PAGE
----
Much praise has been heaped on the idea of a universal basic income in recent years. Experiments have begun in many countries, some mainstream politicians are starting to advocate it, and if we listen to many thinkers, especially among the Internet and tech crowds, it seems like our inevitable future. This is quite understandable, as the idea attempts to solve a real problem: with the advance of technology, fewer and fewer people are required to produce the amount of wealth required to sustain more and more people. Rather than invent more and more artificial jobs and scarcities, why not just accept the reality of this changing world, where not all people are needed for working, and instead release them to pursue their hobbies, studies, or charity? There has been criticism of the idea, but so far the debate tends to focus on two issues: the economic reasoning behind a universal basic income, and the ethics of allowing a majority of non-workers to live off the fruits of the labour of a small minority. What is …

The Future of Artificial Intelligence: Two Experts Disagree

Artificial intelligence (AI) promises to revolutionise our lives, drive our cars, diagnose our health problems, and lead us into a new future where thinking machines do things that we’re yet to imagine. Or does it? Not everyone agrees. Even billionaire entrepreneur Elon Musk, who admits he has access to some of the most cutting-edge AI, said recently that without some regulation “AI is a fundamental risk to the existence of human civilization”. So what is the future of AI? Michael Milford and Peter Stratton are both heavily involved in AI research and they have different views on how it will impact on our lives in the future. How widespread is artificial intelligence today? Michael: Answering this question depends on what you consider to be “artificial intelligence”. Basic machine learning algorithms underpin many technologies that we interact with in our everyday lives – voice recognition, face recognition – but are application-specific and can only do one very specific defined task (and not always well). More capable AI – what we might consider as being somewhat smart …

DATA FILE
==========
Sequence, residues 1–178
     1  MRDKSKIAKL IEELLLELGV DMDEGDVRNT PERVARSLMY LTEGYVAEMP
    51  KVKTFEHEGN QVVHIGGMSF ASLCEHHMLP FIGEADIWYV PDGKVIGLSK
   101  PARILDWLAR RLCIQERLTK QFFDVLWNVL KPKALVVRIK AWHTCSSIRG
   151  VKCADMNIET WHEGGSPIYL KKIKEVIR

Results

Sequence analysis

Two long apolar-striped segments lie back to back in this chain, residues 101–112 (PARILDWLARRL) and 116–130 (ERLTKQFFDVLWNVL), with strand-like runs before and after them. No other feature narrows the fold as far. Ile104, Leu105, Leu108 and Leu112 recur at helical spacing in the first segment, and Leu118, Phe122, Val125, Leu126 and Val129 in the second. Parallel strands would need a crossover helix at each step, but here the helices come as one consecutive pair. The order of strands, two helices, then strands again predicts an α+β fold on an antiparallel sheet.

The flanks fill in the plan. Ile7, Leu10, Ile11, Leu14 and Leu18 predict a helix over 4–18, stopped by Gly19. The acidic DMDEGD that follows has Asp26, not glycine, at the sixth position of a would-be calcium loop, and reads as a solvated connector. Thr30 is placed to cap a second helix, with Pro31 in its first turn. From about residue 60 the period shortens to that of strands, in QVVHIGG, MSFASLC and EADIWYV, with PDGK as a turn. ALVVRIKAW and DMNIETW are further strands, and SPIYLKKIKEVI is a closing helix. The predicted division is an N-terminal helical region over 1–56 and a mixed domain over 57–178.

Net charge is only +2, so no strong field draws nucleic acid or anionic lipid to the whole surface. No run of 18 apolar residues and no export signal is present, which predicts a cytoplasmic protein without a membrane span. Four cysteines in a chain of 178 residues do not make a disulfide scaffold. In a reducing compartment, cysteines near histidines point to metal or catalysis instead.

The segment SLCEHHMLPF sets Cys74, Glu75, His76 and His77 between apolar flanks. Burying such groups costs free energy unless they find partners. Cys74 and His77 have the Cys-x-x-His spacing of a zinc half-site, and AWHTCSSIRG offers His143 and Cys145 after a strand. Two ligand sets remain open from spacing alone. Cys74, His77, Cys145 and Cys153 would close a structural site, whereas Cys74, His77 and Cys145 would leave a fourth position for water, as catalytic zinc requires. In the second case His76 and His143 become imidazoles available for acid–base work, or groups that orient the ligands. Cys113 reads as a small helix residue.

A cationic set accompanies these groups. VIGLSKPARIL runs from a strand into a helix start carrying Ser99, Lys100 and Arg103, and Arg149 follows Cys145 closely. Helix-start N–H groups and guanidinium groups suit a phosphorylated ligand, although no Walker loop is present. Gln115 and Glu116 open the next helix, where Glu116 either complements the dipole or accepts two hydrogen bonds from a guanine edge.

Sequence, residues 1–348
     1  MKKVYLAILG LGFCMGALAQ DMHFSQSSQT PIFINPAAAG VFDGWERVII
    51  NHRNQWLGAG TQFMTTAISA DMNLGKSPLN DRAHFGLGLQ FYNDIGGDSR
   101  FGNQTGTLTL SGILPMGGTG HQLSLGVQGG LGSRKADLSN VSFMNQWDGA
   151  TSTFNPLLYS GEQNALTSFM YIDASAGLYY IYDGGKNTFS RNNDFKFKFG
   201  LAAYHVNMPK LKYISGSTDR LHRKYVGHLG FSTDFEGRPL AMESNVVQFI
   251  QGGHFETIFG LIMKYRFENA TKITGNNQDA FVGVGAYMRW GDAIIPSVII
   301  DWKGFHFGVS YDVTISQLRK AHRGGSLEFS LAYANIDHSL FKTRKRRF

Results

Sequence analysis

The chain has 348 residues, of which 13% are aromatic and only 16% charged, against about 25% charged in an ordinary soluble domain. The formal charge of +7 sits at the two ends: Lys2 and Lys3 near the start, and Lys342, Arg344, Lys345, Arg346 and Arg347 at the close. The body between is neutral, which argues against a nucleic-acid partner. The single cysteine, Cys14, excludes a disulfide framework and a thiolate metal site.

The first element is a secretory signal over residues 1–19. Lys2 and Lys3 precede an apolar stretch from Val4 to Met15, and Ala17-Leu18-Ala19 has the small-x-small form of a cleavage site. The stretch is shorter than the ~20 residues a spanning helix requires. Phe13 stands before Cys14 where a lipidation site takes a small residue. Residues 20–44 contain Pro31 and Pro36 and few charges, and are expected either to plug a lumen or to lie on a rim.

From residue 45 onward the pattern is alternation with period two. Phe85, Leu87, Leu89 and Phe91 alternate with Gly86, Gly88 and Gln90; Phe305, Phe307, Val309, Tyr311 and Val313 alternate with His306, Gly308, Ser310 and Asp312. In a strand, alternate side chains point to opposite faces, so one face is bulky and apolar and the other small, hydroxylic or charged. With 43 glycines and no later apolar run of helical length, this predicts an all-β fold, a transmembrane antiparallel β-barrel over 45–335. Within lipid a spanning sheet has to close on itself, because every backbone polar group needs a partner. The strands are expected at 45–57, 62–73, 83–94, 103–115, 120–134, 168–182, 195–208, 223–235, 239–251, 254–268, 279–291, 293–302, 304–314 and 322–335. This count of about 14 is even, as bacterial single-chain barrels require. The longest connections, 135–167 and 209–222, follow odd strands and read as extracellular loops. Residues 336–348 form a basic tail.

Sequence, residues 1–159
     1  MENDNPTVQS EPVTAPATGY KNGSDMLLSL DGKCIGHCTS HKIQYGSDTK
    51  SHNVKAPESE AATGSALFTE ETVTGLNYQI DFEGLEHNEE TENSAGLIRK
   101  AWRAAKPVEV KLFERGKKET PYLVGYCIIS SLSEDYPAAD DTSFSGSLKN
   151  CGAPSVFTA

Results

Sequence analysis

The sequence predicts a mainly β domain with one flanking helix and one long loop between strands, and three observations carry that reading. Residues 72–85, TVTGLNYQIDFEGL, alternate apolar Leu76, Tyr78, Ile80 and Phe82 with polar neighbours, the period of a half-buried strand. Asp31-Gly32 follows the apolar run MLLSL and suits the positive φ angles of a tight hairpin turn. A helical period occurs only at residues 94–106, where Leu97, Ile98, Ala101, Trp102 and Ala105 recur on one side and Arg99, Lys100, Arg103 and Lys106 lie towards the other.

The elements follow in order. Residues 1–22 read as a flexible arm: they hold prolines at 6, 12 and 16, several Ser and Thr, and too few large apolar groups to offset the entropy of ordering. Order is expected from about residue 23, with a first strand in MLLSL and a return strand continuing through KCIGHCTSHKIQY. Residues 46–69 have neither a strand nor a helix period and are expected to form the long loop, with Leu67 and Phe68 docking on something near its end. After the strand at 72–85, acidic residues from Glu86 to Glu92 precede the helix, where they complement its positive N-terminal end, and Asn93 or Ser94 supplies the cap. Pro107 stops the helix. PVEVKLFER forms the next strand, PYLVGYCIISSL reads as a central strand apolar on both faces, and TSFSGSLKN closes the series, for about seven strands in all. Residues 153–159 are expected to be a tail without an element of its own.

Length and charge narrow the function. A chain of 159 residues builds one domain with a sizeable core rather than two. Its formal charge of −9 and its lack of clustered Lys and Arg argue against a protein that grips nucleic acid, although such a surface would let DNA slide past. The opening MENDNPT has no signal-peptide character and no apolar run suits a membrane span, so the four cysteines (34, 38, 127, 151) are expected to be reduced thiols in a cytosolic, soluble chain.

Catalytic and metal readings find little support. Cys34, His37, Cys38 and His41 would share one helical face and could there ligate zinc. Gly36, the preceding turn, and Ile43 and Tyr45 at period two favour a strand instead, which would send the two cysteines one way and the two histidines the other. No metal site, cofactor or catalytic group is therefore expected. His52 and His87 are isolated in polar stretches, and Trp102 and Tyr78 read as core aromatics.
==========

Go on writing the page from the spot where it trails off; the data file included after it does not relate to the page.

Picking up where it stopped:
Denying Encryption To Terrorists Is A Fantasy